AUSTIN, Texas – Hundreds of people from across Texas traveled to the state Capitol Tuesday to weigh in on the first public hearing of the so-called "Bathroom Bill."
More than 400 people who signed up to speak on Senate Bill 6 waited in overflow rooms and halls to have their say about the controversial measure.
Stephania Kanitsch, a transgender woman, said she wants members of the Senate Committee on State Affairs to know that she wants to use a bathroom that corresponds to her identity, and not the sex identified on her birth certificate.
The bill requires transgender people to use public bathrooms that correspond with the sex on their birth certificates.
"The chances of me getting beat up in the men's room are pretty great, or I could get killed," Kanitsch said.
Supporters of the bill said that the bill is about privacy and protecting women and children.
"I have four children and I have eight grandchildren, and I would not want a man in the bathroom with one of my grandchildren. That would be horrifying to me," said Susan Jackley, a pastor.
Some people who made the trip wondered if they will have a chance to speak up.
"We are signed up. It's just a long list, and I'm not sure that we can be here until tomorrow," Cheryl Stalinsky, a bill supporter, said.
Among those who testified were members of a San Antonio delegation led by District 3 Councilwoman Rebecca Viagran and Convention, Michael Sawaya, convention, sports and entertainment facilities director and Casandra Matej, president and CEO of Visit San Antonio.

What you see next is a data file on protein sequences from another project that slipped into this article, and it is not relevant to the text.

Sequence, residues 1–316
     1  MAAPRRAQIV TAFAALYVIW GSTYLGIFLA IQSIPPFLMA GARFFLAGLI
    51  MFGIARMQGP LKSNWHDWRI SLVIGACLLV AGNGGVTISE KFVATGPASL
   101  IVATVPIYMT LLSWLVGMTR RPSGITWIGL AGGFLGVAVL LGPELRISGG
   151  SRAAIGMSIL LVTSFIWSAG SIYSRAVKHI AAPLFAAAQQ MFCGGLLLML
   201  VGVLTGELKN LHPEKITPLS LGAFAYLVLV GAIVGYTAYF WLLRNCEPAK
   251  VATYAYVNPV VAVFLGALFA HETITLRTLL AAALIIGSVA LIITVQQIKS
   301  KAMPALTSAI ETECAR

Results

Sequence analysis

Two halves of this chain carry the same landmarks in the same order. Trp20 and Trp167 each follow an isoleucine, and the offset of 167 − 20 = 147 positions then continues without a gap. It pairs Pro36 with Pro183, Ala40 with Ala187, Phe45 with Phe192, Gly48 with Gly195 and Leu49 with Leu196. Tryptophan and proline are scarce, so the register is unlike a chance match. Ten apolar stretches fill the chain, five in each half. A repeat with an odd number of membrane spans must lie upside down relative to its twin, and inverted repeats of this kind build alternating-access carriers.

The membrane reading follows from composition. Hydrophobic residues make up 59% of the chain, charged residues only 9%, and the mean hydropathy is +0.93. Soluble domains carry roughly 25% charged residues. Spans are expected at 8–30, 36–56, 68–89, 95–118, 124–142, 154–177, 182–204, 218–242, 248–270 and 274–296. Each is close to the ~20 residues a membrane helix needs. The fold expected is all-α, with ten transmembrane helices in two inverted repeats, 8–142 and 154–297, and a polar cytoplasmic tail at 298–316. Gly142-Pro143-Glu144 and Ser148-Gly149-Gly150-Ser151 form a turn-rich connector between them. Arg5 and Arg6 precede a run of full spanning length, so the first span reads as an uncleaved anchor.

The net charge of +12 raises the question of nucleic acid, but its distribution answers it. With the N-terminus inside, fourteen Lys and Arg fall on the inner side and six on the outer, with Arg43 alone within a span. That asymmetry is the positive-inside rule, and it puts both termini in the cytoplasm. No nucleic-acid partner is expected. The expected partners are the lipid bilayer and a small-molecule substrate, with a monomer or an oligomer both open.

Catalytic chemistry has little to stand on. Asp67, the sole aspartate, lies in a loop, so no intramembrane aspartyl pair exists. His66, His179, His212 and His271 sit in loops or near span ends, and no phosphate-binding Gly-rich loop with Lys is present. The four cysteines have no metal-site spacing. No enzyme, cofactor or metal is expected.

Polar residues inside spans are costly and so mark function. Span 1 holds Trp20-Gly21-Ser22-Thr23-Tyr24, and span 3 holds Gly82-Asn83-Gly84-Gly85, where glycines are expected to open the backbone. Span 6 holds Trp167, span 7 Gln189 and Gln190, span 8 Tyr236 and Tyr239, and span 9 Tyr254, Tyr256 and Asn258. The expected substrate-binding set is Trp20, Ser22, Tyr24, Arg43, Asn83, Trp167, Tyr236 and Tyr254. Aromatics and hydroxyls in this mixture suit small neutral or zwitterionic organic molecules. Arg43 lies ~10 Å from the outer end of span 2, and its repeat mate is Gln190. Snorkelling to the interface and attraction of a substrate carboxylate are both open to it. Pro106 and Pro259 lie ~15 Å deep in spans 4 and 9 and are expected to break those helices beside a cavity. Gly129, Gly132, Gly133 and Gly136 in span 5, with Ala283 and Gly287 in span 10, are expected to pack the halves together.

Viagran said the bill would send the wrong message to visitors.
"This bill, SB 6, with whatever carve-outs or amendments, will still be perceived as discriminatory to millions of people across this country and across this state," she said.
The Councilwoman also delivered written testimony from San Antonio Police Chief William McManus who wrote there have been "no incidents reported in San Antonio with respect to this issue. SAPD has not received any criminal complaints involving sexual assaults in public restrooms."
Sawaya said the bill would jeopardize the city's ability to compete for conventions or big sporting events.
"I can tell you that tourism in San Antonio is big business. Certainly for Texas. We employ over 80,000 people in San Antonio. It's a $13-plus billion economy for San Antonio, and anything that jeopardizes that or risks it, we would be against," he said.
The city is expecting a $135 million economic impact from the men's college basketball Final Four in 2018. Sawaya said the bill, if it becomes law, could jeopardize those plans.
But North Carolina Lt. Gov. Dan Forest testified that even though the NCAA moved some early-round men's basketball tournament games to another state in protest of a similar law enacted last year, the negative economic impact was minimal.
Sawaya said most things are bigger in Texas, and that would include the negative economic impact of losing conventions and events, like the Final Four.
Matej said the filing of the bill resulted in three groups that had been considering San Antonio for conventions to look elsewhere. The events would have meant nearly $3.1 million in economic impact.
"We do not need to speculate about potential economic losses," Matej said.
She also told committee members that 11 organizations have told Visit San Antonio that they are reconsidering or would remove their events if the legislation passes, which would result in a $30 million loss in economic revenue.
"While we all travel, we rarely think about the impact behind that travel," Matej said. "But it's my job to think about it. It is my job to think about the 130,000 individuals who are employed by tourism and hospitality. And it's my job to think about the $13.6 billion economic impact our industry brings to our community."
While the bill is expected to easily pass in the committee, it faces a tough road ahead because Republican House Speaker Joe Straus has slammed the measure as bad for business.
NFL officials have also warned that the Super Bowl won't return to Dallas or Houston if the bill becomes law.
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